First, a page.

Old Fashioned Beef Vegetable Soup



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Jan 16 2017

Not Knowing How To Cook Can Be Bad For Your Health

Published by under children,Family Meals

Teenagers, young adults, and adults, who  do not know how to prepare tasty wholesome, inexpensive food will be forced to rely on readily available, inexpensive, easy options such as fast food, microwave macaroni and cheese, cheap packaged noodles, pizza, and chicken nuggets. Two experts in the field of nutrition Alice Lichtenstein, DSc and David Ludwig, MD, PhD wrote an article in the Journal of the American Medical Association suggesting that children who are uncomfortable in the kitchen;because they never learned basic cooking skills, will be at a disadvantage their entire life. That makes perfect sense, after all we know certain foods like brown rice, leafy green vegetables and fish can protect our health, but these aren’t often found in pre-made meals or at fast food restaurants. When we never learn how to prepare these foods we are not likely to eat them and our health can suffer. A diet abundant in pizza, chips, and fast food will lead to poor nutrition, weight gain and increase the risk of serious diet-related disease such as diabetes, heart, disease and cancer. What is the solution? Learn to cook, it could make you healthier.

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Aug 31 2016

Bean Burgers

A simple vegetarian burger can be made by combining cooked lentils with rice and flavorful seasonings, add breadcrumbs and eggs  to make it hold together. Learning to cook with lentils is highly recommended because they are rich in protein and nutrition and they cook faster than other dried beans- no pre-soaking required. These burgers take about 30 minutes to assemble and an additional 60 minutes resting time in the refrigerator so the ingredients blend together and become firm. This recipe makes 8 patties, extra portions can be frozen and used in sandwiches after a quick reheating in the microwave.

Each patty carries about 174 calories, and 7 grams protein Printable recipe



½  cup brown rice or other whole grain such as barley or faro

½ cup dried lentils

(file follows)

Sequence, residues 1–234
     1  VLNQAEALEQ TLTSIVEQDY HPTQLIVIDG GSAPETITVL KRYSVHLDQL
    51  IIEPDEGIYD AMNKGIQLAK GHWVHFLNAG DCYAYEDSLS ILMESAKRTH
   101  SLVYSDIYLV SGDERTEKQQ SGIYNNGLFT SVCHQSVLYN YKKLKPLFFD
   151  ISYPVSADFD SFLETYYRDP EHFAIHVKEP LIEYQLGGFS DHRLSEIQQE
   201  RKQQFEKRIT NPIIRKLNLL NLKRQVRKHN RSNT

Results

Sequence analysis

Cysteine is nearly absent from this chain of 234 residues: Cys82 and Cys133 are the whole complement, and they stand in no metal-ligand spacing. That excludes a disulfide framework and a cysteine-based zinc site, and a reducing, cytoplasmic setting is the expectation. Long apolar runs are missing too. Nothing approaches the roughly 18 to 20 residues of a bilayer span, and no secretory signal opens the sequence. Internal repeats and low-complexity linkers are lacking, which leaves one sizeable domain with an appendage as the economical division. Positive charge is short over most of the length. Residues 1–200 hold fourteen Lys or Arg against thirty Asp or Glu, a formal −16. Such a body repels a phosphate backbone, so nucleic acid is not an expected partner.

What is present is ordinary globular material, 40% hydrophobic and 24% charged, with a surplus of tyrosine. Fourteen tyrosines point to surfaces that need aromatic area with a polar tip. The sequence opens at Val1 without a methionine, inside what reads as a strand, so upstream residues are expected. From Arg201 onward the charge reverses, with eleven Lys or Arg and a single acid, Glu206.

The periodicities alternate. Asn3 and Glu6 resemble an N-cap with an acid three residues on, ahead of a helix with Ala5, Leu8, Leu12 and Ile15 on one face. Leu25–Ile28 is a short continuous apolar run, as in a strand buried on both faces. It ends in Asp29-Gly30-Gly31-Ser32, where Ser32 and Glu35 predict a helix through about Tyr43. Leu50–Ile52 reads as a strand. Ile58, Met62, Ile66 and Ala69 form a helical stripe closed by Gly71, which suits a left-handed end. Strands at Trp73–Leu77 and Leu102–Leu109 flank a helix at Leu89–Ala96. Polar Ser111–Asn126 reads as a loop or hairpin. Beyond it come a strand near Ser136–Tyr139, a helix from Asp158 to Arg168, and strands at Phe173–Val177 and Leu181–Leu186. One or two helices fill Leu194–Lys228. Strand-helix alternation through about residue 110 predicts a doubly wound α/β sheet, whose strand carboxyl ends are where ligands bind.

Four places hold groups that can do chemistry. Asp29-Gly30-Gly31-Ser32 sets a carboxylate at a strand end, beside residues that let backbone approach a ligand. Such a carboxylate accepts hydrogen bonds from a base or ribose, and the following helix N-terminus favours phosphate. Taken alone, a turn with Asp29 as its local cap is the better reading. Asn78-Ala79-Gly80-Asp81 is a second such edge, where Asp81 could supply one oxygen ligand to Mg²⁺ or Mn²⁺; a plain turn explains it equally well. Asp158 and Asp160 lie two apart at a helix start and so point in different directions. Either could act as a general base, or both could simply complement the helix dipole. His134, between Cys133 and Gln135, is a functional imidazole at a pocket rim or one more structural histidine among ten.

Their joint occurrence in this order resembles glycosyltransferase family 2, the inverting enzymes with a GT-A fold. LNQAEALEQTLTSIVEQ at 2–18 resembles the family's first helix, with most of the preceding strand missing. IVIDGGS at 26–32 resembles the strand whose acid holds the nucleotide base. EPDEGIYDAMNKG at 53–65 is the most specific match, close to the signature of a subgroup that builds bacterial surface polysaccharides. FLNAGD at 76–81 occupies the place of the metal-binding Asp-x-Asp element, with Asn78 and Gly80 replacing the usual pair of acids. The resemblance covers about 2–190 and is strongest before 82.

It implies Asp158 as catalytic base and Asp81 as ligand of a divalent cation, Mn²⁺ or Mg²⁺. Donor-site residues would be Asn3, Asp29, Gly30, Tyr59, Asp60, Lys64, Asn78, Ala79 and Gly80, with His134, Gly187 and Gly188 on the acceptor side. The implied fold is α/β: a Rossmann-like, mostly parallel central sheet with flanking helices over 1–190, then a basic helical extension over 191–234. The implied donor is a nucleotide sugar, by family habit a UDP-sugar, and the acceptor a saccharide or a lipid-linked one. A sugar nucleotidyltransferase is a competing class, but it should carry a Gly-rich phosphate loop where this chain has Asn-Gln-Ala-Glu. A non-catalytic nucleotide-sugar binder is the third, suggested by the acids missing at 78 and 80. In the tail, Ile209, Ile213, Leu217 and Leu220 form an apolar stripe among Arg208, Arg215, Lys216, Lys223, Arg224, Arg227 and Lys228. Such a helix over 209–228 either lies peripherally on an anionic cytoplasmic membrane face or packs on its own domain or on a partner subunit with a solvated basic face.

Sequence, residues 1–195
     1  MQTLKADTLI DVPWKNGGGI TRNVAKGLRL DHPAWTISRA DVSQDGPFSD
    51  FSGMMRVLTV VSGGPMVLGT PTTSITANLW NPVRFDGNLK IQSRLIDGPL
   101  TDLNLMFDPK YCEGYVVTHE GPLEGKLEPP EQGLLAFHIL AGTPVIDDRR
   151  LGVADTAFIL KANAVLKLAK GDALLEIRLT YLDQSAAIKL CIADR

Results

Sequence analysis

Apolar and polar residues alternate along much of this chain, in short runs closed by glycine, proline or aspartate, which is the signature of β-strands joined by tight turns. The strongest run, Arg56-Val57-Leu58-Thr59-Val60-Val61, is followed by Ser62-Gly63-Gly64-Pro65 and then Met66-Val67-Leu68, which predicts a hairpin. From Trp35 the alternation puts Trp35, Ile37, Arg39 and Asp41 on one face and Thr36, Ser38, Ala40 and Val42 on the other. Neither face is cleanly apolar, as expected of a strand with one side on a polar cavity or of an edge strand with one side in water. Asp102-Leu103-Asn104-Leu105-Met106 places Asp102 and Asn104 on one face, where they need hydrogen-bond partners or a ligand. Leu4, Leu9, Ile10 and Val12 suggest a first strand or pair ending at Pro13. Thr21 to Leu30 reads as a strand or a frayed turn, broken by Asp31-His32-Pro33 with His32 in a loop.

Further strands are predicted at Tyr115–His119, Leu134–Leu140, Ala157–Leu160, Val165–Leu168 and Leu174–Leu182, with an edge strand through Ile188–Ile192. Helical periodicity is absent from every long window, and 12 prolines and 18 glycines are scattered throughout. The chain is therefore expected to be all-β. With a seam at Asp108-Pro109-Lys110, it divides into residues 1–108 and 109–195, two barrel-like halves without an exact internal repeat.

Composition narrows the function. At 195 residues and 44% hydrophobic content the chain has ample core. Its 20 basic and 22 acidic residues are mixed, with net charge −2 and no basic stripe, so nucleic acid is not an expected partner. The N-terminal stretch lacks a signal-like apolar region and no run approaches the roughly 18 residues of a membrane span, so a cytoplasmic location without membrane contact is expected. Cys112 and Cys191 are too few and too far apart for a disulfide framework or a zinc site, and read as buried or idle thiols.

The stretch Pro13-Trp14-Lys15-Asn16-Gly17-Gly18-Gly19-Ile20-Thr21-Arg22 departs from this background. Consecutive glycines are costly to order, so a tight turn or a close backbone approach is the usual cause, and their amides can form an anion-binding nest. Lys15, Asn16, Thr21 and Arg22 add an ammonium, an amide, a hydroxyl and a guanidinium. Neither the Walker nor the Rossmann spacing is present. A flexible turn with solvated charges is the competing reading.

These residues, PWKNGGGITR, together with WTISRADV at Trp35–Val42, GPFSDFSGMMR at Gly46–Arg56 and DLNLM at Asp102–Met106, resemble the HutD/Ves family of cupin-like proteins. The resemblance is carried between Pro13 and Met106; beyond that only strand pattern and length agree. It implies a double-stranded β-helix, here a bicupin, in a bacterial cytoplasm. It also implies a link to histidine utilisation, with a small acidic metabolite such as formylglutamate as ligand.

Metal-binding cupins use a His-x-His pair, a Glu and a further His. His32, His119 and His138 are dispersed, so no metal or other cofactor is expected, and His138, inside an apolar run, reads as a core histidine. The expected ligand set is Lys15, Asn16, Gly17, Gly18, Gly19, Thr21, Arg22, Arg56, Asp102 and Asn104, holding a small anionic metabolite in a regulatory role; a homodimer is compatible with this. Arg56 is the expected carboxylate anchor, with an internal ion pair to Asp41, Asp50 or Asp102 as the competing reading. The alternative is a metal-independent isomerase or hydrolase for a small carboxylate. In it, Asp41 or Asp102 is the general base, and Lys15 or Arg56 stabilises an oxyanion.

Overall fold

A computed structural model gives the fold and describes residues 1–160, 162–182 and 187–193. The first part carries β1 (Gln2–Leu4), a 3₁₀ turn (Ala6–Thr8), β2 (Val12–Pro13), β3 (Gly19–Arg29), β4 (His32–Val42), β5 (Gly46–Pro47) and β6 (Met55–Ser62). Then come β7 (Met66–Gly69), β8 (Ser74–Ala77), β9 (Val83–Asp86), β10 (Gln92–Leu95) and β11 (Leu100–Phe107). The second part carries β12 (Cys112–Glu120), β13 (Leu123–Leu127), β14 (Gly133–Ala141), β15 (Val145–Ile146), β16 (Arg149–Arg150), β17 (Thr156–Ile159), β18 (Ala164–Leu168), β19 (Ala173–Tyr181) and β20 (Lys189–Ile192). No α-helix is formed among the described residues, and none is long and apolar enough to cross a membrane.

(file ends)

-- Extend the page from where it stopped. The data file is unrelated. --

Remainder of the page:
1 tablespoon canola oil

1 onion, finely chopped about 1 cup

1 small carrot grated about ½ cup

1 clove garlic minced

2 tablespoons tomato paste or catsup

1 teaspoon ground cumin

1 teaspoon dried oregano or “Italian” seasonings

1 teaspoon chile powder

½ teaspoon salt

½ cup seasoned bread crumbs

2 whole eggs, slightly beaten

2 tablespoons canola oil for frying patties


1          Cook the brown rice: Bring 1 cup of  w ater to a boil in a small saucepan add the uncooked grain, reduce heat to low, cover and cook until tender 30-40 minutes

2          While rice cooks prepare the lentils: In a medium saucepan combine the lentils with 1 ½ cups water, bring to a boil, reduce heat to a simmer, cover and cook 20 minutes until tender. drain and set aside.

3          In a larges sauce pan, heat the oil add the onion, carrot and garlic, cook for five minutes, stirring constantly. Stir in tomato paste, cumin, oregano, chili powder, salt, cooked brown rice and the drained lentils. Remove from heat add the eggs stir until eggs are completely combined with the bean and rice mixture mix in bread crumbs.  The mixture should be wet but hold together.

4          Allow to cool enough to handle. Make patties divide into 8 even portions shape into patties about t 1 inch thick. place on a baking sheet and refrigerate for one hour so they become firm

5          To cook: Pan fry: heat oil in a skillet on medium high  heat. Cook 2-3 minutes per side browning on each side. Serve as you would a burger.

Bake in oven, line a baking pan with foil that has been lightly oiled. Bake in a 350 degree oven for 15 minutes, turn after 7 minutes of cooking. serve as you would  a  burger.